New York Times V Sullivan Summary

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As New York Times v. Sullivan began in 1960 and continued through 1964, the South overflowed with racial tensions. Just one month before the Times published “Heed Their Rising Voices” in 1960, a student-sit-in at a Woolworth lunch counter sparked the sit-in movement that spread throughout the Deep South. Not long after that, the Freedom Riders boarded buses across the Southern States in ‘62 and faced violence from the Ku Klux Klan, which only provoked more protests. This situation attracted the attention of both the media and the Court. The “Heed Their Rising Voices” ad boldly summarized: “Again and again the Southern violators have answered Dr. King’s peaceful protests with intimida-tion and violence.” This quotation exhibits the frustrated environment that segregationists created in the South, and establishes the setting of New York Times v. Sullivan. Alabama’s culture in the mid-twentieth century embodied this specific Southern social order and system of racism. Montgomery was in fact the first capital of the Confederacy. The entire state of Alabama notoriously attacked civil rights activists aggressively in the 1960s, especially the NAACP.…show more content…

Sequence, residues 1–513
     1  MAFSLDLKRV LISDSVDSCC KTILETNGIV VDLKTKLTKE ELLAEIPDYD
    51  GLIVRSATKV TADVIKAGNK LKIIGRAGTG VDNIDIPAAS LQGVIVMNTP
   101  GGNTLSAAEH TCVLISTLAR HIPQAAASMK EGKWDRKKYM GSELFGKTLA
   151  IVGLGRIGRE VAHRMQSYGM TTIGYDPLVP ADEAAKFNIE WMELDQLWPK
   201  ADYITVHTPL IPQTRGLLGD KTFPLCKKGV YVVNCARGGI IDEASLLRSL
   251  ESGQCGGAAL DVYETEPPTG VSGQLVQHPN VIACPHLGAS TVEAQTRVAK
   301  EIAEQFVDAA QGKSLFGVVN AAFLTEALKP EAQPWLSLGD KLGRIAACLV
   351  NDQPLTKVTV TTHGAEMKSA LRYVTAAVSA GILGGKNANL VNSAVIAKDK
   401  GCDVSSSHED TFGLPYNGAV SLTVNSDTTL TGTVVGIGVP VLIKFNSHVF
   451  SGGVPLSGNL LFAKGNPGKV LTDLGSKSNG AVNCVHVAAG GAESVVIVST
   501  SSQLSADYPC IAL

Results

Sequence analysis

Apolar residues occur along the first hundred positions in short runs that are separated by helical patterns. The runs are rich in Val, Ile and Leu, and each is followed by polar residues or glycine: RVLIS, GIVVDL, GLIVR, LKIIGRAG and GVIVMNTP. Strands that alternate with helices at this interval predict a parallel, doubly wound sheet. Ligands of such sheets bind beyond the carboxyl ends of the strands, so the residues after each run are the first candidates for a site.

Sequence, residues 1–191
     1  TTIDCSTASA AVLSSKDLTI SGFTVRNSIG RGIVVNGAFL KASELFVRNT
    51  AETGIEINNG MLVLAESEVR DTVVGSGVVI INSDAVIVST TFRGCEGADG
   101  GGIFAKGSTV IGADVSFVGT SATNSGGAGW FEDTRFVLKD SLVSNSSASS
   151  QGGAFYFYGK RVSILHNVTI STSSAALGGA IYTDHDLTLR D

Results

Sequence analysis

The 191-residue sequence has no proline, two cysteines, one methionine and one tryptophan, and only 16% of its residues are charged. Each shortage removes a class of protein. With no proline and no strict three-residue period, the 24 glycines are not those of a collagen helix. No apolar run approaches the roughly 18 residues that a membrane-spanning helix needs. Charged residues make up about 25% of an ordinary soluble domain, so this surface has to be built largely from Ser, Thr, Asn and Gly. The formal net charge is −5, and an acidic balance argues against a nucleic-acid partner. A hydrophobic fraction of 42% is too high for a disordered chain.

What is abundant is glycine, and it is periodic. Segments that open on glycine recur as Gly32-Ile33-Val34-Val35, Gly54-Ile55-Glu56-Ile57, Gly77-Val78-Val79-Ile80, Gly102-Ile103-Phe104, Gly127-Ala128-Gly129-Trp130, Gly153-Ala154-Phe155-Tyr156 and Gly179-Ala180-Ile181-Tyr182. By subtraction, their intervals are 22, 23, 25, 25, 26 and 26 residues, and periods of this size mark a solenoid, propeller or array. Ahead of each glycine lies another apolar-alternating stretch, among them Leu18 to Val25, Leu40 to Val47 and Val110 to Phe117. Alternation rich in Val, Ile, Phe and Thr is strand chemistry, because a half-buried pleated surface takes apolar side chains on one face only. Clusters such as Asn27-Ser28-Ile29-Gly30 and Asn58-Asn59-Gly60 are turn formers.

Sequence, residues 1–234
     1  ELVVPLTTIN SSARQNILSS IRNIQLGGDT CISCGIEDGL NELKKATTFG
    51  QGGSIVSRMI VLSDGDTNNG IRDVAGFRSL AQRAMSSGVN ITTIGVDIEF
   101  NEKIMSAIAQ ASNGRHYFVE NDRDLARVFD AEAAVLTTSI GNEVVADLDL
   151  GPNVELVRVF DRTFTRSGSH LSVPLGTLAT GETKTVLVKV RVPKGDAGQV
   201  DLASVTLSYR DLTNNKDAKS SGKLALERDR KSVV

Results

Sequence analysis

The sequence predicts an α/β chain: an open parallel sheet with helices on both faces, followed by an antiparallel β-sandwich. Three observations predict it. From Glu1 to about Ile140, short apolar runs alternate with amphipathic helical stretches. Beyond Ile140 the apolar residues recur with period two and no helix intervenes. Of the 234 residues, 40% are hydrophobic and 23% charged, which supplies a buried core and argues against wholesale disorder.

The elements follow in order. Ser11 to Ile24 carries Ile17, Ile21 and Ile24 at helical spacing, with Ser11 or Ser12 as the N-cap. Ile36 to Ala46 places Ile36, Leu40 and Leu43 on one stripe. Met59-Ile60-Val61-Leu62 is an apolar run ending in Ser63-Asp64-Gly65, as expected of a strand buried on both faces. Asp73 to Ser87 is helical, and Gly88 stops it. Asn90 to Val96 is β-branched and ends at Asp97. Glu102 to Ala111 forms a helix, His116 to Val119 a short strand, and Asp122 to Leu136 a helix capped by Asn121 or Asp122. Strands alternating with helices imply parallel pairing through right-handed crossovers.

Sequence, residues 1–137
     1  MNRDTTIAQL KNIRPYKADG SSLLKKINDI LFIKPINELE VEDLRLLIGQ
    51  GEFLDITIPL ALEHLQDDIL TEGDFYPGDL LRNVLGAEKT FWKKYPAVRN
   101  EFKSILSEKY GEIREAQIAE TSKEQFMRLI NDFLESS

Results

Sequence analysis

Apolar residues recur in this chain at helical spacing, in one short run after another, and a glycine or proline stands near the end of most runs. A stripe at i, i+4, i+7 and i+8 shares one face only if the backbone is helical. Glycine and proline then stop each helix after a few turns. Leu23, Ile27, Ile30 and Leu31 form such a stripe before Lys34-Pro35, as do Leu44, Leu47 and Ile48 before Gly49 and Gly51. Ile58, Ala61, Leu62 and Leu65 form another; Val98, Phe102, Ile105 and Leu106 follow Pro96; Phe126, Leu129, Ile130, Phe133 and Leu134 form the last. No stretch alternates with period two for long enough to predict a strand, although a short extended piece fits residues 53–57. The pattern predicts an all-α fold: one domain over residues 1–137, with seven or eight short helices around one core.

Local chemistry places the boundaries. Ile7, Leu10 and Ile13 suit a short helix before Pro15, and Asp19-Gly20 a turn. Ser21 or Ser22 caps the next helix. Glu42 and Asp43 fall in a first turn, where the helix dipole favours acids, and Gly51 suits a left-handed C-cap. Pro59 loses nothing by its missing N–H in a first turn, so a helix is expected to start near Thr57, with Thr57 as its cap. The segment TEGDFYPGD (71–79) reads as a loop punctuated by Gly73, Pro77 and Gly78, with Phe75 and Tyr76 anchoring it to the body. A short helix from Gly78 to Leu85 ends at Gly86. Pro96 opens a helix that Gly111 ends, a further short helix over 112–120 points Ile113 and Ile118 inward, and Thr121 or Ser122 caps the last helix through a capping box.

Judge Walter B. Jones, a Democrat on the case in Alabama, had a history of ruling against civil rights activists whilst they were on the verge of advancements. He was most notable for his restriction of NAACP authority in the state. Justice Brennan had the opposite conflict of interest in regards to civil rights. Seth Stern quoted Brennan in his biography saying, “Real tolerance means more than just colorblindness and impartiality.” Brennan regarded the success of the Civil Rights Movement highly. His rulings on several cases including Brown v. Board of Education (1954) also indicate this preference. The judges’ opposing views on this topic support why Brennan overturned Jones’
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